Having gained a position, now it is Barrichello to press without satisfactory results a solid Ralf Schumacher, who masterfully manages the third place at sixteen seconds from the leading duo, where meanwhile Hakkinen closes the gap that divided him from Schumacher, and is seen several times in the mirrors of the Ferrari driver. Halfway through the race, the two Ferraris live two diametrically opposed situations: Schumacher has to defend himself; Barrichello attacks. Once again, however, we must wait for the pit stops to spice up the race. Coulthard, spectator of the chase of Barrichello to Ralf Schumacher, anticipates the second stop in an attempt to earn the podium. The pit stop takes place on lap 40 and lasts just 7.5 seconds, with Coulthard returning to the track just ahead of Button. The following lap Barrichello and Ralf Schumacher stop at the same time: Williams’ pit-stop lasts 8.6 seconds, while Ferrari’s pit-stop lasts 9.8 seconds. With such long durations compared to Coulthard, the McLaren driver manages to make his third position after a hard wheel at the first corner with Ralf Schumacher, who does not want to leave the third step of the podium. McLaren’s strategy is so successful. There is another lap and here is the highlight of the race: Michael Schumacher and Hakkinen are divided by only four tenths when they return to the pits for the second stop. And in this case, the absence of Nigel Stepney makes itself felt. The four tyres are mounted regularly, but the petrol nozzle is fixed with extreme delay. So, as Hakkinen returns to the track after a pit stop of just 6.4 seconds, Schumacher is there waiting impatiently for the supply to be completed. That is 17.5 seconds altogether. The race leadership goes into the hands of Mika Hakkinen, who can even afford to handle a ten-second lead over Schumacher. At this point it would be legitimate to expect a furious comeback of Schumacher, but it is not so. Indeed, the Ferrari driver never manages to record lap times like those of Hakkinen, and even in a few steps is reached by Coulthard, who on the main straight takes the slipstream of the Ferrari and shows itself on the inside. Schumacher leaves the throttle at the last moment, and at least for another lap holds the second position, since the same dynamic is repeated on the next lap: this time Coulthard goes on the outside and with a determined braking takes the second place to Schumacher.
In a few laps, McLaren goes from a second and a fifth place to an unexpected 1-2. It is clear, however, that there is something wrong with Schumacher’s Ferrari. The German is always slower, and this also favours the reunion of his brother Ralf and Barrichello. The young driver of Williams forgets every kind of relationship, and at turn 10 joins Michael’s Ferrari. The two are wheel to wheel, they even touch each other in the change of direction, where Schumacher, not without a bit of malice, widens the trajectory bringing the Williams outward, and leaving the gap open to Rubens Barrichello who crashes and thanks the work of his teammate, which allows him to earn third place. Overtaken also by Ralf, Michael returns to the pits to change his tyres, a sign that it was a tyre that caused problems on the German F1-2000, specifically an abnormal loss of pressure. When he goes out from the pit lane, Schumacher is fifth, with little to ask at his race a few laps from the end. Three laps from the chequered flag, the race of poor Jenson Button ends, forced to retire due to a problem with the BMW engine of his Williams. The sixth position, therefore, ends up in the hands of Frentzen. After the sixty-five laps, Mika Hakkinen crosses the finish line to celebrate the first victory of this season, ahead of his teammate Coulthard and Rubens Barrichello’s Ferrari, at the second podium as a Ferrari driver. Fourth and fifth comes the Schumacher brothers, with Ralf ahead of a disappointed Michael, who in any case keeps the lead of the championship with 36 points. Hakkinen, with this success, climbs to 22, in second place, with two points more than Coulthard. The 1-2 of the Silver Arrows is especially important for constructors’ championship, where the Woking team drastically reduces the gap from Ferrari, now only seven points away. For Michael, in addition to the faded victory, there is also the displeasure for a long-distance quarrel with his brother Ralf. The youngest of the Schumacher family gets upset because, according to him, Michael risked the accident to avoid giving him way. The Ferrari driver replies as follows:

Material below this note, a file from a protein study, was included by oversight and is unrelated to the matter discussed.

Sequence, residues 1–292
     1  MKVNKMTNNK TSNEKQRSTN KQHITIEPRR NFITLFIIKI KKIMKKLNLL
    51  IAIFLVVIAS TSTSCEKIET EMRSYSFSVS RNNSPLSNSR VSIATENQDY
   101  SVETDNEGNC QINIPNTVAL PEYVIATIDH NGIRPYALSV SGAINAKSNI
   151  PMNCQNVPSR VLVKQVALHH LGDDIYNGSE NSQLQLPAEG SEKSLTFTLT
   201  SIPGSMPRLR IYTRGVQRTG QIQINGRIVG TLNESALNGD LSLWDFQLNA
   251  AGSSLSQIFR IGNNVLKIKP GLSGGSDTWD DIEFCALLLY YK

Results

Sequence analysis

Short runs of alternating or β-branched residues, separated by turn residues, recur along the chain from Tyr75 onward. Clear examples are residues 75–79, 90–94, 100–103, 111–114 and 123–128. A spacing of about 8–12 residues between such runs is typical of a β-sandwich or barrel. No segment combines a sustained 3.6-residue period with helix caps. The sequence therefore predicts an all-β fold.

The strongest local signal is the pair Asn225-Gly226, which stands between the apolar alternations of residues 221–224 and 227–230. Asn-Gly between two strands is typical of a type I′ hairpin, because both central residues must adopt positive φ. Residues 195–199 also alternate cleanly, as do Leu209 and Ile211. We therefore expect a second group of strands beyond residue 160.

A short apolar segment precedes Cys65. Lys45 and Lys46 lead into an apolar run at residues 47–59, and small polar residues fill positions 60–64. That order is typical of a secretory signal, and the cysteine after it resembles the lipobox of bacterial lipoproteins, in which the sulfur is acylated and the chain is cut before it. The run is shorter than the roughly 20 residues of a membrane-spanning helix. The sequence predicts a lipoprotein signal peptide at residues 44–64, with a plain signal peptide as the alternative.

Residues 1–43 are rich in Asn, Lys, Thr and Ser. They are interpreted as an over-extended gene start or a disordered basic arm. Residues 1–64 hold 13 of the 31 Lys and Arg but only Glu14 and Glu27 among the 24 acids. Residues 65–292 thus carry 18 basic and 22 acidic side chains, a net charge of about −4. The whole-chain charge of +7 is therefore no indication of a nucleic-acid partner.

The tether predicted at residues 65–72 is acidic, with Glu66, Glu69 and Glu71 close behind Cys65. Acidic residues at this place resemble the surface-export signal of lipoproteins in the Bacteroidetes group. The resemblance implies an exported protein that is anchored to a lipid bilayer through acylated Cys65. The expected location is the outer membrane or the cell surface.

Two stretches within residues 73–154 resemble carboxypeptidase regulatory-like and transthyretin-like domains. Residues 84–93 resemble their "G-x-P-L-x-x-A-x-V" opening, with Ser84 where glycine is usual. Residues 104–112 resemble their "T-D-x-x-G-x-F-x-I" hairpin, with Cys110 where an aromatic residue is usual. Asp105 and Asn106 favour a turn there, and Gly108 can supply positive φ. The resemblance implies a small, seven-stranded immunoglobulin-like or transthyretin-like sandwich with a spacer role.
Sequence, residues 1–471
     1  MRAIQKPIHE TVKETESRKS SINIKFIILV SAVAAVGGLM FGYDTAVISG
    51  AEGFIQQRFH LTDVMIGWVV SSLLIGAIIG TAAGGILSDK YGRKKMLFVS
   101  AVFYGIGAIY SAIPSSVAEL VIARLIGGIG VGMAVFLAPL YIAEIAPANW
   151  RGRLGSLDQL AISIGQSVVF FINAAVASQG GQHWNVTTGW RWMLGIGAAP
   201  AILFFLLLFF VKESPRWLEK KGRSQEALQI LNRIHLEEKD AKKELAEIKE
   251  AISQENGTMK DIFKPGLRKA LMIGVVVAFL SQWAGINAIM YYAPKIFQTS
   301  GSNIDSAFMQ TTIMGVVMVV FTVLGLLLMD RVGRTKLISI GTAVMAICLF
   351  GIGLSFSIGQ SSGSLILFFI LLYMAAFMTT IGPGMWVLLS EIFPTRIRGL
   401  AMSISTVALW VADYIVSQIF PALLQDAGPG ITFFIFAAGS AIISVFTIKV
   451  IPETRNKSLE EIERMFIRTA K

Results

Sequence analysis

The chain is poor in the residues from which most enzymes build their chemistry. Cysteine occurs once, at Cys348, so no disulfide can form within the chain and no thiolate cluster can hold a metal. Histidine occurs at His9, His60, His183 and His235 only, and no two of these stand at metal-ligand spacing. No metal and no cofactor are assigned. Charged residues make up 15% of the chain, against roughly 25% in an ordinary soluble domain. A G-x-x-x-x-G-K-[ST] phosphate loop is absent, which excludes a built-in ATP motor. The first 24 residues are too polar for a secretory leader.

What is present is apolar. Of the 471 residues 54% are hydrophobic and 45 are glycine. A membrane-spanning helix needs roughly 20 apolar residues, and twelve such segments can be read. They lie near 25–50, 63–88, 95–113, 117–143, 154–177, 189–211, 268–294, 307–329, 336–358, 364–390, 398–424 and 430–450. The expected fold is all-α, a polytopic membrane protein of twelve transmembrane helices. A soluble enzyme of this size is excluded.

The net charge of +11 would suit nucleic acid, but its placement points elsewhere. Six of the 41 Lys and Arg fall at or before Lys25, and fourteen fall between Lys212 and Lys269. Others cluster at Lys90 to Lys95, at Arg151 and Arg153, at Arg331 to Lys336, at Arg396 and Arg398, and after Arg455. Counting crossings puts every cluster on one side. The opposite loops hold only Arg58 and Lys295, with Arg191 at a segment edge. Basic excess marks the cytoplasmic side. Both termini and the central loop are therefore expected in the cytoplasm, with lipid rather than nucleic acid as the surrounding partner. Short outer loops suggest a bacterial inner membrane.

"Races are races. My brother will be angry with me, but I can’t do anyone any favours on the track. If he’s furious, I can’t help it. I can’t help him if he doesn’t realise that being a brother doesn’t mean anything in racing. In the race there is no favour, especially if you run in different teams. If Ralf does not understand this, I’m sorry".
No doubt, Michael is convinced that he is right in the battle that caused Ralf to lose the third place to Barrichello. The Williams driver, however, is not at all convinced by the words of his brother, and demands clarification, wanting to face Michael hard-nosed. The match between the two takes place in an unbiased motorhome, neither Ferrari, nor Williams, and lasts about seventy minutes, before the two escape from the back on two scooters. In any case, Michael does not want to hear about manoeuvring to favour Barrichello: